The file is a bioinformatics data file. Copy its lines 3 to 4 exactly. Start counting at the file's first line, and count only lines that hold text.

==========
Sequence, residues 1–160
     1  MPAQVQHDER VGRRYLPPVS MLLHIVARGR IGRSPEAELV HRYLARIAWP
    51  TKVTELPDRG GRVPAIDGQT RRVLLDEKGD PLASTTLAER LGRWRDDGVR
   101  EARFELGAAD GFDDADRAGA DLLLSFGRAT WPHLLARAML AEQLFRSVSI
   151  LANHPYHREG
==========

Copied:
    51  TKVTELPDRG GRVPAIDGQT RRVLLDEKGD PLASTTLAER LGRWRDDGVR
   101  EARFELGAAD GFDDADRAGA DLLLSFGRAT WPHLLARAML AEQLFRSVSI